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The news in this category has been selected by us because we thought it would be interestingto hard core cluster geeks. Of course, you don't have to be a cluster geek to read the news stories.

From the language-not-the-movie(s) department

Two important Julia Language updates. First, a great interview over at RCE-Cast (while you are there listen to the Singularity interview as well). Head over an take a listen.

What is Julia you ask? A good answer comes from the Julia team:

Julia is the open source programming language for data science and numerical computing that is taking many diverse areas such finance, central banking, insurance, engineering, robotics, artificial intelligence, astrophysics, life sciences and many others by storm. Julia combines the functionality of quantitative environments such as Python and R with the speed of production languages like C++, Fortran and Java to solve big data and analytics problems. Julia delivers dramatic improvements in simplicity, speed, capacity and productivity for data scientists, quants and researchers who need to solve massive computation problems quickly and accurately. The number of Julia users has grown dramatically during the last five years – doubling every 9 months. Julia is taught at MIT, Stanford and dozens of universities worldwide, including MOOCs on Coursera and EdX.

Update: Intel releases ParallelAccelerator v0.2 for Julia 0.5

From the bad-play-on-words department

For those using Python to calculate asymptotes and other science and mathematical things, Intel ® has added its speedy MKL (Math Kernel Library) to the mix. Called Intel ® Distribution for Python* 2017 Beta, The beta release gives Python a big boost by using MKL and other libraries. From the web page "The Beta product adds new Python packages like scikit-learn, mpi4py, numba, conda, tbb (Python interfaces to Intel Threading Building Blocks) and pyDAAL (Python interfaces to Intel Data Analytics Acceleration Library). The Beta also delivers performance improvements for NumPy/SciPy through linking with performance libraries like Intel MKL, Intel Message Passing Interface (Intel MPI), Intel TBB and Intel DAAL."

Beta users can look forward to the following features.

  • Includes NumPy, SciPy, scikit-learn, numba, Cython, pyDAAL
  • Performance accelerations via Intel® MKL, Intel MPI, Intel® TBB, Intel® DAAL
  • Easy, out-of-the-box access to performance
  • Free to download
  • Supports Python versions 2.7 and 3.5
  • Available on Windows*, Linux, and Mac OS

An Intel blog provide more information. There is also a Python profiling tool (beta) available.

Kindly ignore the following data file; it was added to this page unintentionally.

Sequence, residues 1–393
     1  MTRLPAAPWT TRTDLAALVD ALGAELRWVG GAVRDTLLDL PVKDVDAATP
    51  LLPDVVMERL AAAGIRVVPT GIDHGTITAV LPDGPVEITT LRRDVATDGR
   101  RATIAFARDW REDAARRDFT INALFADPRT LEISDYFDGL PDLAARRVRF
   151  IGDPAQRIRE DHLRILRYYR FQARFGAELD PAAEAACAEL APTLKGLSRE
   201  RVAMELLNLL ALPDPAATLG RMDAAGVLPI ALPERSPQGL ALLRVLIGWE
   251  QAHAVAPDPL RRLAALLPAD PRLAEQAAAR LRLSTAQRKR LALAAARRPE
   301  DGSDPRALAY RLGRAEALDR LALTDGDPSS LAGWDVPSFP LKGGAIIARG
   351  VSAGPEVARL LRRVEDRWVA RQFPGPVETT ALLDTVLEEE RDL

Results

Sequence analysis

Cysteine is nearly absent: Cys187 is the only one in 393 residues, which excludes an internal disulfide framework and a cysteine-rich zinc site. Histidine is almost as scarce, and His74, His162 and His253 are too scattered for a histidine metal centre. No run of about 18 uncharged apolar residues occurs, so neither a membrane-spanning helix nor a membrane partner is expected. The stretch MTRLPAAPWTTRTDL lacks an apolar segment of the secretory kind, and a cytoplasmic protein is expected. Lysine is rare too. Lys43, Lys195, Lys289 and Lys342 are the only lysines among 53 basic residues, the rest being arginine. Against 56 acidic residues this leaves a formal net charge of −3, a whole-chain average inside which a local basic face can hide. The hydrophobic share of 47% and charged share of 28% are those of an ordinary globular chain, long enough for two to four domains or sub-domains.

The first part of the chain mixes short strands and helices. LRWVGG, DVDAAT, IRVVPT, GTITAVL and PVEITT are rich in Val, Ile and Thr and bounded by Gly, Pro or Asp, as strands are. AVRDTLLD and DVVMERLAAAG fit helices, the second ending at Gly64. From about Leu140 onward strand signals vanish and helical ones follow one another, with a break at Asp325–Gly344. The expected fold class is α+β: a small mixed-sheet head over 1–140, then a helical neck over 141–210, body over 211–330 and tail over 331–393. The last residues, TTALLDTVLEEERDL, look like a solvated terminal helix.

A recent article on has announced a breakthrough in quantum computing. The article, Crucial hurdle overcome in quantum computing, describes how a team at University of New South Wales (UNSW) in Sydney Australia has created a working quantum gate in silicon. This process paves the way for quantum computing to become a reality in the years to come. Background on quantum computing can be found in this Cluster Monkey article: A Smidgen of Quantum Computing

According to Dr. Menno Veldhorst, a UNSW Research Fellow and the lead author of the Nature paper:

"We've morphed those silicon transistors into quantum bits by ensuring that each has only one electron associated with it. We then store the binary code of 0 or 1 on the 'spin' of the electron, which is associated with the electron's tiny magnetic field."

From the best acronym of the day (BAD) department

The Adept project is bringing some metrics and tools to help optimize energy-efficient use of parallel technologies. According the web site, "Adept builds on the expertise of software developers from high-performance computing (HPC) to exploit parallelism for performance, and on the expertise of Embedded systems engineers in managing energy usage. Adept is developing a tool that can guide software developers and help them to model and predict the power consumption and performance of parallel software and hardware."

Recently, Adapt released a benchmarks suite to help understand and measure power usage for HPC and embedded systems The benchmark suite consists of a wide range of benchmarks including both high-performance embedded and high-performance technical computing. The benchmarks are designed to characterize the efficiency (both in terms of performance and energy) of computer systems, from the hardware and system software stack to the compilers and programming models. More information about the benchmark suite can found on the EPCC Blog Page

Hopefully the ClusterMonkey crew will carve out some time to play with these tools and report back on their experiences.

Intel and Micron just announced a new type of memory that does not use transistors. Called 3D Xpoint memory, the new technology is reported to be 1,000 times faster in both read and write than NAND, as well ten times more dense with 1000 times more endurance. If this is true and the price is right a real disruption awaits the industry. The performance numbers are orders of magnitude over anything else (HP memristor where are you?).

Intel states that it not a phase-change memory process, a memristor technology, or a spin-transfer torque technique. Get more details here: What a New Class of Memory Means for Future Applications (The Platform).

Editors Note: The stories and articles have slowed to a trickle because of this: Hadoop 2 Quick-Start Guide. The book is now in production so more Monkey goodness shall be forthcoming.

Update: Intel has announced Optane branded drives and memory sticks built using Xpoint memory. Get more details from the Platform article: Intel Reveals Plans For Optane 3D XPoint Memory


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